Phil Chess, who with his brother founded Chess Records, a storied Chicago label that captured great blues musicians like Muddy Waters in their prime and helped power the musical fusillade of rock & roll with vibrant recordings by the likes of Chuck Berry, died on October 19 at his home in Tucson, Arizona. He was 95.
Chess Records was one of the most prominent of the independent labels that became successful in the 1950s by finding little-known performers, recording them, and persuading radio stations (not infrequently with the help of cash payments) to play their records.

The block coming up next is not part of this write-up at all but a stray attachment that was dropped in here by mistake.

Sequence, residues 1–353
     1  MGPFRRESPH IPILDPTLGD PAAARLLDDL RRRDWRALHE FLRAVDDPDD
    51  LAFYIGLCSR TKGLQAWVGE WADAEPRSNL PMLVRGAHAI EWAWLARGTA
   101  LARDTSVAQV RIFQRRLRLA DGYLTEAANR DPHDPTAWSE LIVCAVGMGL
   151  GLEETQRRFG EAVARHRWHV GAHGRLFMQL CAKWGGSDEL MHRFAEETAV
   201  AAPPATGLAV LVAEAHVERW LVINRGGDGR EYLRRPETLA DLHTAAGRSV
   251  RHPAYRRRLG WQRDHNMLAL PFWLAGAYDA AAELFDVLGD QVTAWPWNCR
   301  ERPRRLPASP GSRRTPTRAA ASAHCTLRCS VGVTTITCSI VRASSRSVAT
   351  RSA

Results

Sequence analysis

Chess Records was best known for recruiting black musicians who had taken their heartbreak, hopes and not a few harmonicas from the South to Chicago and who, with electric guitars and a big backbeat, gave birth to what came to be known as Chicago blues. In addition to Muddy Waters, its roster included, at various times, Howlin’ Wolf, Little Walter, Sonny Boy Williamson, and many other Chicago blues stars.
Read more of Phil Chess’ obituary at The New York Times.